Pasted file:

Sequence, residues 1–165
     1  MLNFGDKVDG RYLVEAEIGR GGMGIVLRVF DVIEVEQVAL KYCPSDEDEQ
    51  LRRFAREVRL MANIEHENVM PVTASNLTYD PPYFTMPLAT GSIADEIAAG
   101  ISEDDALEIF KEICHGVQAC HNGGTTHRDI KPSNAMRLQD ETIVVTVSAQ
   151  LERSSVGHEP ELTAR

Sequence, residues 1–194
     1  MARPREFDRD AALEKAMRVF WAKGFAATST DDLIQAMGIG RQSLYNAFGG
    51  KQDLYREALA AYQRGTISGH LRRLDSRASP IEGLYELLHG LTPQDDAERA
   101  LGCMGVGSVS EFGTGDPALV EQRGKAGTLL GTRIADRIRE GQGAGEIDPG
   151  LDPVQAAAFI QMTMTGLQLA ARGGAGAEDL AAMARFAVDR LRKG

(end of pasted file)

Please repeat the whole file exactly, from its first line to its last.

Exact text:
Sequence, residues 1–165
     1  MLNFGDKVDG RYLVEAEIGR GGMGIVLRVF DVIEVEQVAL KYCPSDEDEQ
    51  LRRFAREVRL MANIEHENVM PVTASNLTYD PPYFTMPLAT GSIADEIAAG
   101  ISEDDALEIF KEICHGVQAC HNGGTTHRDI KPSNAMRLQD ETIVVTVSAQ
   151  LERSSVGHEP ELTAR

Sequence, residues 1–194
     1  MARPREFDRD AALEKAMRVF WAKGFAATST DDLIQAMGIG RQSLYNAFGG
    51  KQDLYREALA AYQRGTISGH LRRLDSRASP IEGLYELLHG LTPQDDAERA
   101  LGCMGVGSVS EFGTGDPALV EQRGKAGTLL GTRIADRIRE GQGAGEIDPG
   151  LDPVQAAAFI QMTMTGLQLA ARGGAGAEDL AAMARFAVDR LRKG